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To what extent compound words are appropriate in English? Are the "onthedownburninghouseresting", "firesurrounded" valid words in English?

closed as off-topic by snailboat, StoneyB, ColleenV, user3169, Nigel Harper Oct 12 '14 at 9:14

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  • The longest valid compound word I know is absentmindedness. The two from you are just out of the world ;) – Maulik V Oct 8 '14 at 10:08
  • Did you find these words in a dictionary or some other reference? – user3169 Oct 8 '14 at 16:25
  • Please don't crosspost between ELL and ELU, especially without telling anyone you're doing so. english.stackexchange.com/questions/200432/… – snailboat Oct 11 '14 at 16:14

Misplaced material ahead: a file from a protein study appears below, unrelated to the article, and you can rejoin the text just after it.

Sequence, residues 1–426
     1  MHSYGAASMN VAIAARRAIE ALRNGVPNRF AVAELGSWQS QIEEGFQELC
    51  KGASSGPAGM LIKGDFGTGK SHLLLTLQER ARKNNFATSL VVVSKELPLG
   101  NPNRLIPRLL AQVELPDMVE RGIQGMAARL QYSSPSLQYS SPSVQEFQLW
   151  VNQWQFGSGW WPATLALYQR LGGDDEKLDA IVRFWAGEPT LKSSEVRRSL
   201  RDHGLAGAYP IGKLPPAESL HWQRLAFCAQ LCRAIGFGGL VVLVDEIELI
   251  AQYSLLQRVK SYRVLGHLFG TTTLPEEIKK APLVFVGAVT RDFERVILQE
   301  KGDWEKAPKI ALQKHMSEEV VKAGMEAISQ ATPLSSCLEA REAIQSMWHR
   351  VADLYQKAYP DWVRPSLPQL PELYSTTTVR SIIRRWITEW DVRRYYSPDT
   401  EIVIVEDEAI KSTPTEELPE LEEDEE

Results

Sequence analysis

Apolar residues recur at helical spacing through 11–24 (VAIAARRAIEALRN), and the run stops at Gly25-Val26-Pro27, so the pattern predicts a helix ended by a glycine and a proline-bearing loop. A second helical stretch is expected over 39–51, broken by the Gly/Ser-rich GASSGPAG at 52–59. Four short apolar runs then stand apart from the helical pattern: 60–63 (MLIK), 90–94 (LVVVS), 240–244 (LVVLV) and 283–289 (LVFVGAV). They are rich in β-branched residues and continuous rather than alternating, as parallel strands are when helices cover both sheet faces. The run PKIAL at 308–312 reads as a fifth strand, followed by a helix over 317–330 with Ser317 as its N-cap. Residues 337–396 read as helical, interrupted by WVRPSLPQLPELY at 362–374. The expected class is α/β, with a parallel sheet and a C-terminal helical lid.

• 4
    This question appears to be off-topic because it is cross-posted to ELU, and we should only have one copy of a question active at a given time. – snailboat Oct 11 '14 at 16:15
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In English, compound nouns consisting of more than two words are typically hyphenated.

If you ask the man-on-the-street...

does not mean

If you ask the man on the street...

Man-on-the-street means "the average Joe" or "the average guy". "The man on the street" means "the man who is on the roadway."

There are a handful of such words. But it's also possible to create an almost infinite number of quasi-neologisms by yoking the words in a descriptive phrase in that same manner.

Some women are hat-wearers and some are not.    

He always had a caught-in-the-act-look on his face. 

or alternatively, a compound adjective:

He always had a caught-in-the-act look on his face.
  • Should I hyphenate only those words that include articles and prepositions? – Anixx Oct 9 '14 at 17:39
  • See the answer for the answer. – Tᴚoɯɐuo Oct 9 '14 at 17:58

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